Three out of four Americans believe that the Earth has been gradually warming as the result of human activity and want the government to institute regulations to stop it, according to a new survey by researchers at the Woods Institute for the Environment at Stanford University.
The survey was conducted by Woods Institute senior fellow Jon Krosnick, a professor of communication and political science at Stanford, with funding from the National Science Foundation. The results are based on telephone interviews conducted June 1-7 with 1,000 randomly selected American adults.
When respondents in the survey were asked if the Earth's temperature probably had been heating up over the last 100 years, 74% said yes, and 75% said that human behavior was mainly responsible for any warming that has occurred.
Several questions in the June survey addressed the so-called ‘climategate’ controversy, which made headlines in late 2009 and earlier this year.
‘Growing public skepticism has, in recent months, been attributed to news reports about e-mail messages hacked from the computer system at the University of East Anglia in Britain – characterized as showing climate scientists colluding to silence unconvinced colleagues – and by the discoveries of alleged flaws in reports by the Intergovernmental Panel on Climate Change (IPCC),’ says Krosnick. ‘Our survey discredited this claim in multiple ways.’
For example, only 9% of respondents said they knew about the East Anglia e-mail messages and believed they indicate that climate scientists should not be trusted, and only 13% said the same about the controversial IPCC reports.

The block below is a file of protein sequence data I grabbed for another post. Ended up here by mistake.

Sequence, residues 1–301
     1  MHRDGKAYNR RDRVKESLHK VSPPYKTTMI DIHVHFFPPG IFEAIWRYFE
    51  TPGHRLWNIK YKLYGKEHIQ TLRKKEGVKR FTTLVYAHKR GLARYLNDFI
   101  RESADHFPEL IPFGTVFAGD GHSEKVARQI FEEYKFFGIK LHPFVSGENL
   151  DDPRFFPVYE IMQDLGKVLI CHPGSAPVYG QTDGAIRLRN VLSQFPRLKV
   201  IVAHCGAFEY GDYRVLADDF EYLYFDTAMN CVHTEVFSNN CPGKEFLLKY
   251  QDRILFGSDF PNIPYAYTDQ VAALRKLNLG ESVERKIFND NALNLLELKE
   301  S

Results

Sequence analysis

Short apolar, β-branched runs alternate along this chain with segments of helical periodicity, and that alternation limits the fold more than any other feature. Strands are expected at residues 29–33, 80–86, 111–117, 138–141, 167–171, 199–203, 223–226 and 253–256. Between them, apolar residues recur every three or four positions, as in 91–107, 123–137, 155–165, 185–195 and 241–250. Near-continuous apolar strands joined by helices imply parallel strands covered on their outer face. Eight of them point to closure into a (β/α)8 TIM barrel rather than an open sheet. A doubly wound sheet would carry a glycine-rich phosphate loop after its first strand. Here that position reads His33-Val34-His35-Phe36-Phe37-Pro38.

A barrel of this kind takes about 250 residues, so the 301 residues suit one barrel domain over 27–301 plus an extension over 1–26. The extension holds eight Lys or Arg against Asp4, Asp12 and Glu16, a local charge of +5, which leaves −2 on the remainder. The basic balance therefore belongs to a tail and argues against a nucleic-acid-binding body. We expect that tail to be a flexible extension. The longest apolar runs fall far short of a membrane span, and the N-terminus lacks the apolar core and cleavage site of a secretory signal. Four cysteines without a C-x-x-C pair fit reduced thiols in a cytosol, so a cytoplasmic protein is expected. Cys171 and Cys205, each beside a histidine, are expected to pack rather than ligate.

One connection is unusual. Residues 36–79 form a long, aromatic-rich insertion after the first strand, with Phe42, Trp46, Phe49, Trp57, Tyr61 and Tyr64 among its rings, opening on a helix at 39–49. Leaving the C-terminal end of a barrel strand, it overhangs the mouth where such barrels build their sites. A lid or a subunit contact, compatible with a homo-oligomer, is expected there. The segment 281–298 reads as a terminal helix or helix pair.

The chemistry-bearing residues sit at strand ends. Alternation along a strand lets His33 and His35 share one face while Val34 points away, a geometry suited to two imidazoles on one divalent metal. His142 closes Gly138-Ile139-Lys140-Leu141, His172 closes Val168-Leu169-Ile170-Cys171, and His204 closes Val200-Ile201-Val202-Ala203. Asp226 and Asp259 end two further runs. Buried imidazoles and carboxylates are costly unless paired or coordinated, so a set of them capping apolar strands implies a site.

In addition, 86% of respondents said they wanted the federal government to limit the amount of air pollution that businesses emit, and 76% favored government limitations on greenhouse gas emissions generated by businesses. Only 14% said that the U.S. should not take action to combat global warming unless other major industrial countries like China and India do so as well.
Other survey results include the following:
– 78% opposed taxes on electricity to reduce consumption, and 72% opposed taxes on gasoline;
– 84% favored the federal government's offering tax breaks to encourage utilities to make more electricity from water, wind and solar power;
– Four out of five respondents favored the government's requiring or offering tax breaks to encourage the production of cars that use less gas (81%), appliances that use less electricity (80%), and homes and office buildings that require less energy to heat and cool (80%); and
– 18% said that policies to reduce global warming would increase unemployment.